Filed Under:Claims, Litigation

Florida's No-Fault Faux Fix?

When the 2012 Florida legislative session began, there was hopeful optimism that tort reform, or at least PIP reform, would finally gain some traction to rein in rampant fraud in the Sunshine State.  

It took until the final hours of the session, but Florida Gov. Rick Scott got the legislation he sought to reform the mandatory motor vehicle no-fault law and crack down on the abuses in personal injury protection (PIP) cases that have led to skyrocketing increases for coverage.

Follow-up services and care requires a referral from a physician, osteopath, chiropractor, or dentist. Massage therapists and acupuncture was eliminated from eligibility for PIP benefits, which only eliminates a fraction of the systemic abuse.  

A Rude Awakening?

This legislative session was an opportune time for the Legislature to enact meaningful tort form, including capping attorney fees and damages. There could have also been careful deliberation to abolishing no-fault, as was done in Colorado, or making the coverage optional, as was done in Pennsylvania.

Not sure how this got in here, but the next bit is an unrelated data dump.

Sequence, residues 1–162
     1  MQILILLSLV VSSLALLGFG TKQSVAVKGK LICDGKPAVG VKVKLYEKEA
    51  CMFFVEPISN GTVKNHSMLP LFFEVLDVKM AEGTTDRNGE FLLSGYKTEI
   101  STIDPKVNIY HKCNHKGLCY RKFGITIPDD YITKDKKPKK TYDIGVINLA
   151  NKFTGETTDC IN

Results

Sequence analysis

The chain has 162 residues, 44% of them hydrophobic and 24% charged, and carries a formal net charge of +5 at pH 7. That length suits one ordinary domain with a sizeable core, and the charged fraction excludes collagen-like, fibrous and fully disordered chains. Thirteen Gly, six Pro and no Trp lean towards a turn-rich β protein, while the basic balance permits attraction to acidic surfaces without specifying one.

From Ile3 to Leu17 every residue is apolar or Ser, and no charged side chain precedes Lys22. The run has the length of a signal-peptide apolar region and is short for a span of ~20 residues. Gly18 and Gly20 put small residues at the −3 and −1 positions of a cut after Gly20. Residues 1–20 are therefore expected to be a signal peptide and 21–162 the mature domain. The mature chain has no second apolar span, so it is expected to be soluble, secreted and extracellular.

Roads Not Taken

Featured Video

Most Recent Videos

Video Library ››

Top Story

PIA's national president was born to insure

Robert W. Hansen Jr., a fourth-generation insurance professional, reflects on what drives him to keep selling after more than 30 years in the business.

Top Story

Taiwan earthquake collapses two high-rises. Shoddy construction investigated

The Taiwanese government has ordered an investigation into a building's collapse, as images show tin cans built into the walls of the toppled complex.

More Resources

Comments

eNewsletter Sign Up

Claims Connection eNewsletter

Breaking news on disasters, fraud, legal trends, technology, and CE initiatives for the P&C claim professional – FREE. Sign Up Now!

Mobile Phone

Advertisement. Closing in 15 seconds.